I was still shaky from the stress of having Foxy out of commission, and having to approach strangers for help. But I was also glowing with the pleasure of meeting such a decent human. Von was so kind, and I really appreciated his offer for additional help. I wish I’d gotten his address so I could send him a thank-you card or something. The kindness of strangers: always a beautiful lesson. I felt well cared for. And really, this calamity was a very small one: we were just a little bit stuck (admittedly, this is like a little big pregnant), and so close to town, and I just knew the West Virginia pickup-truck-driving men would take good care of us; and they did. It was a beautiful experience, in the end.

And yet still I was shaking as I set up for my author interview – which of course went beautifully, too, a lovely chat with a talented writer and a friend. Leaving the picnic area with my interview complete, I stopped for a beer at the local brewery just before closing, and traded brewery stickers with the nice young man behind the bar, just as his boyfriend showed up with a burrito for his (the bartender’s) dinner (yes, from the same burrito place; it’s a small town). Leaving the brewery with a single beer in me, I stepped into the delightfully cool air, where Hops was safely napping in the van. We drove into the dusk, back into the national forest, where we’ve made camp again for free at a spot that has begun to feel like home.

Just next week, I’ll be moving into a “real” home, one with walls and ceiling and no engine or tires attached. I’m looking forward to that next chapter; but gosh, on a day like this, when I’ve experienced all the emotions and played in the mud and seen the sun and felt the cool air on my face, this life looks pretty good. Right now Hops is snoring next to me and I have all of the van doors open and I’m about to crawl under the blankets, because the air is cool and slightly damp and we are the two luckiest creatures alive. Viva vanlife. And thanks again to Von, my guardian angel this Wednesday.

a few more stops

Just killing time in West Virginia, before I move into a house and out of this van, for better and for worse…

I had thought I might spend a night at Tygart Lake State Park, but the camping facilities didn’t especially impress. I let a bit of Ritchey go in Tygart Lake at a deserted boat ramp, Hops had a run around, and we moved on.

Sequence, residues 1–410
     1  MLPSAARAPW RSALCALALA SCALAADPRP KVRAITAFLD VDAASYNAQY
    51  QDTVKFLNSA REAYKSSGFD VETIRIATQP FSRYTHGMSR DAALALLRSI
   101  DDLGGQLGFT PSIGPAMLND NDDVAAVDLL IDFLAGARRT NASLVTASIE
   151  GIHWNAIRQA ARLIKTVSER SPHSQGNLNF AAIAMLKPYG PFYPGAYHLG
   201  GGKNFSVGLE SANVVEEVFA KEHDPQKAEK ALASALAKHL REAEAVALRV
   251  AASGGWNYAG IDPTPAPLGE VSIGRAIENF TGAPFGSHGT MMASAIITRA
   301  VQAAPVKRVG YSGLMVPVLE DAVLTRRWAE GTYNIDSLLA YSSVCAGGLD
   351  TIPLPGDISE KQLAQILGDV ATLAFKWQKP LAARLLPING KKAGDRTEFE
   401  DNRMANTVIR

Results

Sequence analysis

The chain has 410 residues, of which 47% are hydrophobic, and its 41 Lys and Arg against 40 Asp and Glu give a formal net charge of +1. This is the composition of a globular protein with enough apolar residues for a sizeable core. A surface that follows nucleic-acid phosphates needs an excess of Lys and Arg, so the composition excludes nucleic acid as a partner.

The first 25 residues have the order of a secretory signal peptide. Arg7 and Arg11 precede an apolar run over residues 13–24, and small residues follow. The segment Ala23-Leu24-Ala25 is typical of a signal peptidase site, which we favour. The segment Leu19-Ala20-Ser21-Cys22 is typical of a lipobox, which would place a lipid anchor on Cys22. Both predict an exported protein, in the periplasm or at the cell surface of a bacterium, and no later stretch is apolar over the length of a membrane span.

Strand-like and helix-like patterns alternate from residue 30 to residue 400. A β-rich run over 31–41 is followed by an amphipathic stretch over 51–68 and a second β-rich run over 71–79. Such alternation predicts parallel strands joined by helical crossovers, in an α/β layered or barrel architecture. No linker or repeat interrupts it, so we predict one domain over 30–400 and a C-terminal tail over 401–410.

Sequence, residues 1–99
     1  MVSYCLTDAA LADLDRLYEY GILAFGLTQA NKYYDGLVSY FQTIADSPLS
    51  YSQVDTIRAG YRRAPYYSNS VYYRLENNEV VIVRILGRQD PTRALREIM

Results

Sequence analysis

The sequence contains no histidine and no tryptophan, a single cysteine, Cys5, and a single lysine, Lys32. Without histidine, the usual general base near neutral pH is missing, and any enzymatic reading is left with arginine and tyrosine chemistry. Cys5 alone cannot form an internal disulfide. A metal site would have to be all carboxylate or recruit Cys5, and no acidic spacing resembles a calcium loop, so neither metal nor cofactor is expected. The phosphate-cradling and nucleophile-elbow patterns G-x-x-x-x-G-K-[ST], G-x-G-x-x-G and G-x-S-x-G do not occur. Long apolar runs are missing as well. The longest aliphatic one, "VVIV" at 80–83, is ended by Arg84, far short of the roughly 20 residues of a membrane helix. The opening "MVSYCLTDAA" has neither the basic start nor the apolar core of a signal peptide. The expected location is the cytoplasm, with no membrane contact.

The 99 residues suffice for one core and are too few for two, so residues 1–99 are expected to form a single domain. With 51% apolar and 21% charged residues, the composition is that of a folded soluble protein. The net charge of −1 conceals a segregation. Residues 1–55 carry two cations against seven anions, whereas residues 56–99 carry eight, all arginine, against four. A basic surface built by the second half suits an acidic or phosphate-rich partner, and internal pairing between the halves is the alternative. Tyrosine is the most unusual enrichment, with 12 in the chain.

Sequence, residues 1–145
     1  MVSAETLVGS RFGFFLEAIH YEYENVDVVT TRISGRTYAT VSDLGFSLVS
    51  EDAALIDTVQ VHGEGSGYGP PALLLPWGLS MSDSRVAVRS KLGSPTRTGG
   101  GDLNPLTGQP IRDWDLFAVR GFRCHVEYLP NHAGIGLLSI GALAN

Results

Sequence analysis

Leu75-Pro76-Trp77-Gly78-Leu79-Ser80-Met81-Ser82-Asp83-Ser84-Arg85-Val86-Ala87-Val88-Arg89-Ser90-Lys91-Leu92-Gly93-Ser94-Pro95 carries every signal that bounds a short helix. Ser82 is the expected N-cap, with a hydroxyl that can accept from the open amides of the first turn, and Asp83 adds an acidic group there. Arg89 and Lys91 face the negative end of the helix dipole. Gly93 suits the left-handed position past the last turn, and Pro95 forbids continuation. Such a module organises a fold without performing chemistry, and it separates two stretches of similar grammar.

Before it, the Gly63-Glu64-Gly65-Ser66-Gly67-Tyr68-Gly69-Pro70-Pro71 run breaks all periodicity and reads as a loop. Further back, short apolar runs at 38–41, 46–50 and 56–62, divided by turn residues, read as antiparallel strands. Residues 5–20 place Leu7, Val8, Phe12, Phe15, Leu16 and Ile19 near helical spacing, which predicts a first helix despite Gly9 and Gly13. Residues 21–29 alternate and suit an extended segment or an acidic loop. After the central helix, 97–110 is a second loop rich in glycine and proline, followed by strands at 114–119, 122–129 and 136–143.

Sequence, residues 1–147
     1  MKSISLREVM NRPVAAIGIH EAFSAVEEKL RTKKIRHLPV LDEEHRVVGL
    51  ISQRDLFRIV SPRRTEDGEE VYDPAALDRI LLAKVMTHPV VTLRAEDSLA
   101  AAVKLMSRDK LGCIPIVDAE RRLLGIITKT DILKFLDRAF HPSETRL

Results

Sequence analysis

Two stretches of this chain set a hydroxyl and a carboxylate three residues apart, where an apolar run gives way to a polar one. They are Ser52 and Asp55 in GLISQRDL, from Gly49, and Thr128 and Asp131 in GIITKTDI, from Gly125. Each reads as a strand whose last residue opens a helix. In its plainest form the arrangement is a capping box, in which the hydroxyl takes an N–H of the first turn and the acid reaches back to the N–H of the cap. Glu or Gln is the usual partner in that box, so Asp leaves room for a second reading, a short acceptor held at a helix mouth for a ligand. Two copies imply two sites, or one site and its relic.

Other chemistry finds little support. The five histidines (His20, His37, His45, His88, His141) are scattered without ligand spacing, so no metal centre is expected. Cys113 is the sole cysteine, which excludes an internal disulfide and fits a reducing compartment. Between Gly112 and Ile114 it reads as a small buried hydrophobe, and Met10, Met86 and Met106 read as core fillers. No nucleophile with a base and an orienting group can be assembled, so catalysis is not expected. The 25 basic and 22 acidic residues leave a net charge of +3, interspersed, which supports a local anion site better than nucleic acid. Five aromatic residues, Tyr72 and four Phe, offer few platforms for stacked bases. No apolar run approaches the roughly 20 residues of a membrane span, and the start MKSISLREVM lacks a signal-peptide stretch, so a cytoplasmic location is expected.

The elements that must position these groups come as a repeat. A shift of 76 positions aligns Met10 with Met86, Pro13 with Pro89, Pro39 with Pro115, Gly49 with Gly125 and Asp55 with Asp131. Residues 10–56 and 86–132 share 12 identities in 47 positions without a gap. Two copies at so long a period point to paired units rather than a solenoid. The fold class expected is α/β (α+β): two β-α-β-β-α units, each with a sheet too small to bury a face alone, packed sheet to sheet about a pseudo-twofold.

Cathedral State Park is a lovely area, but no camping; we were there to see the old-growth hemlocks. It’s a very small park; we walked several trails around, apparently, the whole space, and could hear road traffic at all times. But what is there is worth saving. According to their signage, the average age of the forest is 350 years, and some trees are over 500 years old. The largest are some 90 feet tall and 21 feet in circumference. I definitely saw some in that range.

After a little hike at Cathedral, we’ve returned to the Monangahela National Forest, the same spot where we camped in late May when we first entered this state. It’s a lovely area and free! When I want a little more cell signal or a picnic table, I head a few miles downhill to Blackwater Falls State Park, where day use is free. And the town of Davis has a brewery I quite appreciate. Just hanging out, reading and writing, hiking with the dog and watching time pass by.

Here’s a little photo pack of the last few parks and hikes.

Seneca Rocks

From Blackwater, we moved into the Spruce Knob-Seneca Rocks National Recreation Area, which is part of (or contiguous with?) the Monongahela National Forest. We’re staying at Seneca Shadows campground, which is practically, yes, in the shadow of Seneca Rocks, a famous rock formation and rock-climbing destination.

Seneca Rocks in morning light

That’s the Rocks there in the foreground.

Hops and I did the hike up to the observation tower at the base of the rock formation proper, and it is no joke of a hike – just a mile and a half up and the same back down, but steep the whole way. These views are from the observation tower, from which one can look basically straight down at one’s car or van.

A sign there at the top of the hike/base of the rock says (I paraphrase), “go beyond this point and die.”

Camp isn’t bad, either.